The wood I split comes in all sizes, from ‘stove wood’ diameter, to larger trees that have been pre-split with a stump splitter.
I went with the sliding wedge, horizontal/vertical configuration for a number of reasons, but I hardly ever use it in the vertical position.
These beam sections are salvage, and the axle came from the back of a SAAB 96. I did not originally intend for this rig to leave the yard, and this axle configuration later proved too weak for highway travel.
The new axle is obscured in this photo by the old axle, still used as to support the stabilizers and taillights. Note the heavy triangular bracing.
Of course, the new axle came from a SAAB 900. This is partly because I had a few on hand, but also because I use a 900 as a tow vehicle, and one spare tire covers both.
The beam is a bit light for the purpose. This is a finesse splitter, so it works just fine so long as judgment is used in what to split and how to go about splitting it.
The galvanizing required a bit more prep work before welding.
The foot plate is common steel. I should have used thicker stock, or a stronger grade of steel. After many cord, and a few rounds of “Can I borrow your splitter…”, this part has bent slightly.
The lack of ‘grippers’ on the plate allows smoother block movement onto and off of the splitter. My chainsaws cut straight, so the blocks sit square against the foot plate and stay put.
Detail of hinge. Common bar bored for the stainless pin.
Getting there. Fabricating al fresco. I need a new umbrella…
The cylinder came from a bucket truck. The oversized rod is an advantage. It provides a favorable volume ratio between the piston and rod side of the cylinder, which reduces retract time. The bore itself is 3″, which is enough to split anything within reason.
The original ports were only 5/16″. Larger ports were installed after beta testing. Extend is 3/4″, retract is 1/2″.
Another view of the glad nut wrench. A large lathe with a 4 jaw chuck is nice to have…
Cylinder was disassembled before porting to ensure that no debris got into the system.
Wedge in progress. The cutting edge was repurposed from another splitter build that never happened. The upper leading edge of the baseplate has been beveled. The two lead clamping bolts now have domed heads.
Good design goes beyond actual construction, and into considerations for operator comfort and economy of movement.
For a time I borrowed a neighbor’s splitter. One of the irritating points of that unit was the lack of clearance in the operators area. i was constantly bumping into the tire, and the motor got beaned from time to time.
Beer keg hydraulic oil reservoir. Gets you points with the local Fraternity house, but welding steel to stainless with mild mig wire makes for porous weldments.
(This version still has the tiny cylinder ports, small filter, and small pump).
Constant seepage, lack of volume, and overall aesthetic led to an upgrade.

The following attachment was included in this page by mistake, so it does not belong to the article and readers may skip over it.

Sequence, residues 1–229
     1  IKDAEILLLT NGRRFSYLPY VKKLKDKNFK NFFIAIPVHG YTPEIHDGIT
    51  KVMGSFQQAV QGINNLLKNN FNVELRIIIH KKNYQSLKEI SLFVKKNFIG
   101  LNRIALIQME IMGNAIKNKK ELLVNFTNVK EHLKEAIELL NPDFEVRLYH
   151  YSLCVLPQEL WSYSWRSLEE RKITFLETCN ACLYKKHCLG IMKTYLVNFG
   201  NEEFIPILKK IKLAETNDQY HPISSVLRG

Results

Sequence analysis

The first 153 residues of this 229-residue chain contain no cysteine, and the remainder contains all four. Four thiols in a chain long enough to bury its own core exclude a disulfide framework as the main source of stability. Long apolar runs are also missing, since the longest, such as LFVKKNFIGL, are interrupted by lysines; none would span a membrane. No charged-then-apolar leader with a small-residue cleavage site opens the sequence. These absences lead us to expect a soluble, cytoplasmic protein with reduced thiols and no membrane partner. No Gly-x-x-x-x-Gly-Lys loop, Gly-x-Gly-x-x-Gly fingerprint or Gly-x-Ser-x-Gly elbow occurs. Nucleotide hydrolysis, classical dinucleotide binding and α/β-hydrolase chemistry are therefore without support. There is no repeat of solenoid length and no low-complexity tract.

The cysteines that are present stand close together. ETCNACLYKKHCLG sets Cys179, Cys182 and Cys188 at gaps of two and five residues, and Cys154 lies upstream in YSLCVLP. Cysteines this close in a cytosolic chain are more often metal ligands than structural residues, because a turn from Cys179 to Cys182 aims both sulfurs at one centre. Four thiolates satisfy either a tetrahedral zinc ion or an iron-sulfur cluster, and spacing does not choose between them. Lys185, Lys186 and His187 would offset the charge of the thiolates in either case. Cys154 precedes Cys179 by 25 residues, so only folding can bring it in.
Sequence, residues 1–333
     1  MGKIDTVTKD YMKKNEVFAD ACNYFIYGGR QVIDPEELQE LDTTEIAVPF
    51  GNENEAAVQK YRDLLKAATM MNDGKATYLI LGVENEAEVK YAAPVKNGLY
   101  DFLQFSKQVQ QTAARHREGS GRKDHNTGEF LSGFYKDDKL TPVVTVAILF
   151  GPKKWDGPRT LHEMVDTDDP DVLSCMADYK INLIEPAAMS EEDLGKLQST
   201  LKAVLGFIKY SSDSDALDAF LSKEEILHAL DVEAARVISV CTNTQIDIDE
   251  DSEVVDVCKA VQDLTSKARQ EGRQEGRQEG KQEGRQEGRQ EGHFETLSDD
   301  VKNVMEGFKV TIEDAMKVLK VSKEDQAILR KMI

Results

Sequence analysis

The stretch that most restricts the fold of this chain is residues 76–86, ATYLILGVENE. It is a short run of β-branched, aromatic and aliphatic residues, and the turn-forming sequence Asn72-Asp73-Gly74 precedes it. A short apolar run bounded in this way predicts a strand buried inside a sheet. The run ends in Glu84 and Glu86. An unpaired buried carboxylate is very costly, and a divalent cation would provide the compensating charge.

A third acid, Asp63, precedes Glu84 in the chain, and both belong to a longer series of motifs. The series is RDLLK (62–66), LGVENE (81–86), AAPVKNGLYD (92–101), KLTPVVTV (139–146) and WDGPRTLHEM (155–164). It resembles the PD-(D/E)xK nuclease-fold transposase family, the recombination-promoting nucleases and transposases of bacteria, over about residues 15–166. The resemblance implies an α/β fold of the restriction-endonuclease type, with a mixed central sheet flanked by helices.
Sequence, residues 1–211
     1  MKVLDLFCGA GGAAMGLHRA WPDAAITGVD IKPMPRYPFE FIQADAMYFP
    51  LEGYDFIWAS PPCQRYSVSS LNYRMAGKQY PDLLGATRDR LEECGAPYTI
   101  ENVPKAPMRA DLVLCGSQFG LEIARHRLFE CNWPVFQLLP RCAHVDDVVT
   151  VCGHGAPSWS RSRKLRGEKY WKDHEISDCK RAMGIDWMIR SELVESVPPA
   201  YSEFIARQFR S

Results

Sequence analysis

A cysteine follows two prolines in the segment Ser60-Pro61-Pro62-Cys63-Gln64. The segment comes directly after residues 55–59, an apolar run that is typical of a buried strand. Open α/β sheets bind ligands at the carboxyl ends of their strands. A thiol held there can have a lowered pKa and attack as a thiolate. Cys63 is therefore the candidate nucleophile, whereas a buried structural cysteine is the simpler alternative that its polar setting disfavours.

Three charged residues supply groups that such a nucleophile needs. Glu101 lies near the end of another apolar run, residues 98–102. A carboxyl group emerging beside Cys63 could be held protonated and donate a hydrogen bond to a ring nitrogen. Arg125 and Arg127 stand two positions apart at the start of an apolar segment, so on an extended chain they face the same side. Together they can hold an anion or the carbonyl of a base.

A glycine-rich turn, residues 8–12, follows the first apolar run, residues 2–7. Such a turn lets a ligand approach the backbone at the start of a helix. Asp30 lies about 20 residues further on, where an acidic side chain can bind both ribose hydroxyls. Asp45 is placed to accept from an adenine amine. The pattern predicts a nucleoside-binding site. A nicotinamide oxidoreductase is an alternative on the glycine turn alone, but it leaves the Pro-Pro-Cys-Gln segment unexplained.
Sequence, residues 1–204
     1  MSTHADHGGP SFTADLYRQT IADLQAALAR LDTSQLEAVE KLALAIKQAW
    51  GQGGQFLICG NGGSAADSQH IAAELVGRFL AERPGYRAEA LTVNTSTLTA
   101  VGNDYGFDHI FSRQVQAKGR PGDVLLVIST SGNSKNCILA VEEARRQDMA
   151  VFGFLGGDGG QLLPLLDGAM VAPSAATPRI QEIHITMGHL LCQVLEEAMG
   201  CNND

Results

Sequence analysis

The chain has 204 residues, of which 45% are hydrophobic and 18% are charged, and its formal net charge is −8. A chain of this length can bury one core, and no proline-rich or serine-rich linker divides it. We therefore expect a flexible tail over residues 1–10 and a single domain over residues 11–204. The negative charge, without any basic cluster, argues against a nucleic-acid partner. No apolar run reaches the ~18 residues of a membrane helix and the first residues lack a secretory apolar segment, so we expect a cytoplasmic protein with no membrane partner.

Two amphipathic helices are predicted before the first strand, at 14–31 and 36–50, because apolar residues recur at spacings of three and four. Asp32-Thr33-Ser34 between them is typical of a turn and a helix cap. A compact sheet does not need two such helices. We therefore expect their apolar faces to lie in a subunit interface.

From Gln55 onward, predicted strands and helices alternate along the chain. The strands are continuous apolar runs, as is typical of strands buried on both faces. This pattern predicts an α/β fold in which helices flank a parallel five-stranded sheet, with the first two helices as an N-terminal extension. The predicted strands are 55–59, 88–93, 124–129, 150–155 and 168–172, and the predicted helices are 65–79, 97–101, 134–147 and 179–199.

The new reservoir. Aluminum pipe fittings were sourced from McMaster-Carr, TIG welded to the old propane tank. Suction and return fittings have extensions inside the tank to prevent aeration etc. The elbows proved to be a challenge with an air-cooled torch…
The uprated filter assembly.
And the bracket added shortly thereafter. This was some scrap left over from another project.
The original filter was rated for 20 gpm. I had a bit of a heat problem, most likely rated to the original small cylinder ports. That was with an 11 gpm pump. When I re-ported the cylinder, I also upgraded the pump. And went to a larger filter. This reduced fluid heating drastically. The new pump is rated for 13.9 gpm. There is almost no reason not to use a pump of this size on a small splitter. The 6.5hp motor is never taxed, and the ram speed is much improved over the original 10-11 gpm pump. Given the minor cost difference between an 11 and 13 gpm pump, there is almost no reason to use the smaller pump.
One full cycle runs right around 8 seconds, depending a bit on engine speed.
When I installed an auto cycle valve on the processor, I had this valve left over. The original had 1/2″ work ports, while this one has 3/4″ ports. I don’t know that it makes much difference, but it seemed like a good idea at the time.
The return line has a proper JIC fitting, which makes servicing easier than the typical hose barb.
I don’t know what it is about these Prince valves, but they seem to develop leaks rather frequently out the back of the spool. The previous valve leaked, despite two seal kits, and this one leaks as well.
A shutoff to the tank, to make pump removal simpler, should the need arise.
When I first put this rig together, I used clear, reinforced vinyl hose for suction and return (visible in previous photos). It was fairly cheap, sort of up to the task, and I wasn’t sure how the two lines should be best routed. After several years of use, the return line split while a friend was using the splitter, which left quite a bit of oil in his driveway.
The hose routing was finalized with the addition of the larger control valve, so it was time for some proper hose.
Most of the time, I’m splitting 16″ blocks. The cylinder has at least 24″ of travel, which adds up to a bunch of wasted time on the out and back.
The usual solution is the addition of a selective back stop to set the work aperature.
I had a stack of 1/2″ plate slugs left over from another project. There is no need for such fine gap adjustment, but its what I had at the time.
When I towed this splitter with my SPG, the foot of the original jack would occasionally hit the ground. This jack can swing up and out of the way, and it’s easier to crank as well.